On or about March 1, 1969, my two sons, Willy and Matt, brought home a clean, beautiful newborn Siamese kitten, which they called "Pancho."
I don't really like cats, but, as it is with sons and fathers, I was talked into keeping it. "Please Daddy!" "We'll take care of him, Daddy!" Of course, they didn't. Like most parents, my wife, Ruth, and I fed Pancho, washed him, de-fleaed him, took him to the vet, and when our kids went off to college, Pancho became our total responsibility.
For 16 years I lived with Pancho, fed him, spent a fortune keeping him healthy, and vented my resentment on him. I complained when we spent money patching up the wounds of his amorous adventures, suffered when he finally had to be "fixed," and bitched loudly when his old age forced us to spend hundreds of dollars on keeping him alive.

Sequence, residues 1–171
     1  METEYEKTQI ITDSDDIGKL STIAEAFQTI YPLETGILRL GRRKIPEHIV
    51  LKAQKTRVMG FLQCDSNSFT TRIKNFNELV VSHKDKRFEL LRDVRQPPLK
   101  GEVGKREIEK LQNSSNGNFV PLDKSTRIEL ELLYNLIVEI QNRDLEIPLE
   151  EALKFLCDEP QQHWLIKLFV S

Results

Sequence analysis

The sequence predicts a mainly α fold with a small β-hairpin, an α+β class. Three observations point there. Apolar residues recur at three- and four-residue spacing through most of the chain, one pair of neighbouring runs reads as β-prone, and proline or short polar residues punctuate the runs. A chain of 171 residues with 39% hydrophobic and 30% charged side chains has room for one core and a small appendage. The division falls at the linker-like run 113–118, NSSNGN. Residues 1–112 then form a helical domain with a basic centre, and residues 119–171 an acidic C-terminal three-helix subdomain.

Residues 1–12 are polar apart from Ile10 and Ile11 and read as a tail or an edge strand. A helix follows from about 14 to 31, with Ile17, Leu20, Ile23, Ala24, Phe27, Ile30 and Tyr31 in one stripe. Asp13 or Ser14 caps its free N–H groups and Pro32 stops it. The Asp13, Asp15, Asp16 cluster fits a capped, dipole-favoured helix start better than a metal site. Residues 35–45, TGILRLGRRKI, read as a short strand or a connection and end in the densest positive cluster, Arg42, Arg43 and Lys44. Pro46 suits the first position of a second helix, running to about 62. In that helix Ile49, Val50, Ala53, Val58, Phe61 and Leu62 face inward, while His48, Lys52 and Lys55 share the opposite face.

Through it all, however, Pancho was sweet, noble, and courageous. He meowed, woke me up when I wasn't ready, and was a general pain, but maybe that was all part of my moods, and my avowed dislike of cats, and the fact that his hours and mine invariably failed to coincide.